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Thursday, October 23, 2008

Should I See W In the Theaters?

Back in the 90s, when independent film exploded and well regarded classics and obscure cult films could be found in small hole in the wall stores, tucked in the oddest places, I caught up on a lot of flicks. From Hong Kong action flicks starring Jackie Chan and directed by John Woo, to French New Wave Cinema, I saw hundreds of films that the average American had never heard of.

One, that quite a few people probably already were aware of was Micheal Moore's Roger & Me. Maybe if I had rented it and watch it with my boys, who like me enjoyed the hunt for something different, I might have finished the film.

To this day, I just can't finish a Michael Moore film. I find him smug. His conclusions, derived from very few facts, annoy the hell out of me. And the fact that he sounds exactly like the folks he's denouncing, only proves to me how a like conservatives and liberals are. To be fair, the only Moore film I haven't given a chance is Bowling for Columbine.

For me, the best political films have always been like a Rorschach test. Liberal or conservative, you watch the film and fundamentally you agree with all the basic tenets in the film (freedom of the press, serving your country is patriotic and noble, etc.). However, once you start comparing that film to the world at large, it's where you find the antecedents that reflect what you believe.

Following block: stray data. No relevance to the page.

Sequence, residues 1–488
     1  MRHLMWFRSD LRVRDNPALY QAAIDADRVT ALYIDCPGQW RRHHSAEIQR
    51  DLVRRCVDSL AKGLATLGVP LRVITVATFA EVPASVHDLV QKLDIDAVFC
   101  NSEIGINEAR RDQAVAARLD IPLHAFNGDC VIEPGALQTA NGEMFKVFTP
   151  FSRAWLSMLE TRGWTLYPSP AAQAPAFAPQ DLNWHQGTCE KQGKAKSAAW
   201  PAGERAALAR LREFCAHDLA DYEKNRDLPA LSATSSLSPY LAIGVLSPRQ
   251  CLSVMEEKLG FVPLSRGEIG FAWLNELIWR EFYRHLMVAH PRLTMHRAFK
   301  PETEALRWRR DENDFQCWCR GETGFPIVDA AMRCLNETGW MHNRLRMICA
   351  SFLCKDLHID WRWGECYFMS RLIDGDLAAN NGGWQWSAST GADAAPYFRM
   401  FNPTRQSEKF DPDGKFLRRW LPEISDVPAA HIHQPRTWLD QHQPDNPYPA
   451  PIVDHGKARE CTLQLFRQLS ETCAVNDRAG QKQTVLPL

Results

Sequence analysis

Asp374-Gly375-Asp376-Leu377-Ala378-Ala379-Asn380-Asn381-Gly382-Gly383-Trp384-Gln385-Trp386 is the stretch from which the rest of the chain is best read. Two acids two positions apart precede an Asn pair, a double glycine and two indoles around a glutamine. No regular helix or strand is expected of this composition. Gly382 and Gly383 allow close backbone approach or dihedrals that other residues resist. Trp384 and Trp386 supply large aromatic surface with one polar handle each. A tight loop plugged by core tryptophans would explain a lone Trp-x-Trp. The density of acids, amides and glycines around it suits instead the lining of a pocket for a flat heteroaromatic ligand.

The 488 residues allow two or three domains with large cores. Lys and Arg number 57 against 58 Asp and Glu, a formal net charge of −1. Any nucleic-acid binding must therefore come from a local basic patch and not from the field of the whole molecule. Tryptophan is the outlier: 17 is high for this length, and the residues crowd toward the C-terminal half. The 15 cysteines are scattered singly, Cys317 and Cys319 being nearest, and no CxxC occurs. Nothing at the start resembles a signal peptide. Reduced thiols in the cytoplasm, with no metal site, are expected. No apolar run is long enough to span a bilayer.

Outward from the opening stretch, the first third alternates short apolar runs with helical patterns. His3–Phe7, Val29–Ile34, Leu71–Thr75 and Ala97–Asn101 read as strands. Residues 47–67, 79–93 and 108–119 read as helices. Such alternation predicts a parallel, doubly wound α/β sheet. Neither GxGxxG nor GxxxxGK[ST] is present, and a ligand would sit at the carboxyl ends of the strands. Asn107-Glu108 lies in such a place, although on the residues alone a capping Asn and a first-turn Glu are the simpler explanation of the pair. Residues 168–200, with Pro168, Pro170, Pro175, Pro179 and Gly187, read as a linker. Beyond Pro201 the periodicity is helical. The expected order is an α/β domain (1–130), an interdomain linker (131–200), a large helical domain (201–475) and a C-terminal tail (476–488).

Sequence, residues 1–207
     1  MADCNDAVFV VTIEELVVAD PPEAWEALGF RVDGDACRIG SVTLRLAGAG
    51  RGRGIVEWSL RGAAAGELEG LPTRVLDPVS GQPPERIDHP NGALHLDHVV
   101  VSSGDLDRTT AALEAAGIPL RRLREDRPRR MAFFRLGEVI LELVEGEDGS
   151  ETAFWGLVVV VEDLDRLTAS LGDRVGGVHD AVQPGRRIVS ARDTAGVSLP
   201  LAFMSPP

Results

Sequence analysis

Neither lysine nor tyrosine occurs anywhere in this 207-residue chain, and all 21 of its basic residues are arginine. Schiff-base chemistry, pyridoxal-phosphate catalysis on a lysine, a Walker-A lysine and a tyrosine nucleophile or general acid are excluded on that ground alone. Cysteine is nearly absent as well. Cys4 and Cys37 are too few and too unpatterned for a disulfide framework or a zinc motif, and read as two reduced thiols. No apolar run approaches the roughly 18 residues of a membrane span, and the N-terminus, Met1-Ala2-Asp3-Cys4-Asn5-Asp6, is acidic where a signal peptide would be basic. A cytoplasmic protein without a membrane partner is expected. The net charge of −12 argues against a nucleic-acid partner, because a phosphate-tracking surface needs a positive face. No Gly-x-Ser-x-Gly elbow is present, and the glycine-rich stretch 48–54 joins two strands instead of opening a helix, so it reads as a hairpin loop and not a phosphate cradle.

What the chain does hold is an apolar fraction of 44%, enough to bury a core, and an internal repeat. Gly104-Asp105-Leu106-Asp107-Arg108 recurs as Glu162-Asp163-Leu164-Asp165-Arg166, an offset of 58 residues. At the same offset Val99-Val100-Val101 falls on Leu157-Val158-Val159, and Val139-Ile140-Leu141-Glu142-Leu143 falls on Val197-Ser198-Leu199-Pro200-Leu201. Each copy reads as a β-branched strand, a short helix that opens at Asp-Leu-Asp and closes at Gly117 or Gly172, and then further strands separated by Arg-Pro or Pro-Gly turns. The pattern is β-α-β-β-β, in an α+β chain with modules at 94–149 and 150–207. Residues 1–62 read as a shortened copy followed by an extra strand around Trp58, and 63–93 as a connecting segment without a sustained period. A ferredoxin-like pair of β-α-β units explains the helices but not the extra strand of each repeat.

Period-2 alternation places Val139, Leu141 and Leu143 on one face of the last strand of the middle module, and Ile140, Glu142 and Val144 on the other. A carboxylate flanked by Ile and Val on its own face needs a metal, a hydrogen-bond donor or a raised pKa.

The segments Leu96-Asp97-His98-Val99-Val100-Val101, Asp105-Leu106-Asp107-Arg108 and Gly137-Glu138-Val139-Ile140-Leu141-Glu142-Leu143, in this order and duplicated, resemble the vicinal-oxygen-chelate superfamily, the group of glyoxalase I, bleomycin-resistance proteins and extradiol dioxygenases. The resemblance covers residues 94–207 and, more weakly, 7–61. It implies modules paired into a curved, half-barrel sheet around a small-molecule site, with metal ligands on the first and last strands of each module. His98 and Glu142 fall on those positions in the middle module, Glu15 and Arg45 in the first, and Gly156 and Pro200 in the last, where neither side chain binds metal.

It's that ability for a film to outlive the politics of its time to be applicable to any time period, any situation, that makes a film about politics great and intriguing.

This is probably why a film like A Man for All Seasons, after 40 years and set 600 years ago, is still such a powerful film. Thomas More standing against King Henry VII as the later rejects the Catholic church to meet his own needs could easily be Kennedy standing against his own Military during the Cuban Missile crisis. With all the conservatives backing Obama because of McCain's choice of running mate and how they've perceived his campaign, conservative intellectuals could easily be More and McCain could be King Henry VII. Even Hillary supporters who haven't come on board for Obama could be seen as been very More like. And yes Obama would be the King Henry in that sitch.

Everything I've seen of W. and read, says that the film isn't a blunt cinematic clubbing of our current President. Yet everything I've read also says that the film isn't all that insightful either. It sounds like that in 50 years, no one is going to be using W. as a Roscarch test to gage the political temperature of a room. Which is a shame. I may be a soft gooey liberal inside my heart, but my brain enjoys being challenged by ideas and concepts from all political spectrums.

While I'd like to avoid films like Michael Moore's, even though I probably agree with 90% of his conclusions, I'm even less likely to enjoy a film that seems to arouse no passions in me at all. So no, I guess I won't be seeing Oliver Stone's new flick. Too bad. The Angry Black Man in me hasn't been fed in a while and he's hungry for a good film.

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